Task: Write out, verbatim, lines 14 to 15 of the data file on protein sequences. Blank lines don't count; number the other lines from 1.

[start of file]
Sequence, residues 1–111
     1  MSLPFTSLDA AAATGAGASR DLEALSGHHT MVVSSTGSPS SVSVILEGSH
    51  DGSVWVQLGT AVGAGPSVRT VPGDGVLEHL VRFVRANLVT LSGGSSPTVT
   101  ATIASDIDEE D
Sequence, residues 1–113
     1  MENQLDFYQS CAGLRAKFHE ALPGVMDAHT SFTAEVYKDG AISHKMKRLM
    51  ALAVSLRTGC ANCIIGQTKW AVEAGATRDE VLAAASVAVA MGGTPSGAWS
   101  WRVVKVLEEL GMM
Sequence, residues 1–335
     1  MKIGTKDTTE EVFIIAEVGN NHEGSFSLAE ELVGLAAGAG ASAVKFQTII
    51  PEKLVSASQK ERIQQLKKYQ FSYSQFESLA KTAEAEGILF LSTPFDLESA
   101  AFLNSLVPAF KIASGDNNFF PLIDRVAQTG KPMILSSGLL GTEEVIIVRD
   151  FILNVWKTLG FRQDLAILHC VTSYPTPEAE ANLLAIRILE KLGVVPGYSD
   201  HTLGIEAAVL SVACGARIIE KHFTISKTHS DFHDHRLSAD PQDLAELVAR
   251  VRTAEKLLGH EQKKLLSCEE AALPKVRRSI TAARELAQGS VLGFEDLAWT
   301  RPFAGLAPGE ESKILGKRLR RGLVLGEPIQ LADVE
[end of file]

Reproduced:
   201  HTLGIEAAVL SVACGARIIE KHFTISKTHS DFHDHRLSAD PQDLAELVAR
   251  VRTAEKLLGH EQKKLLSCEE AALPKVRRSI TAARELAQGS VLGFEDLAWT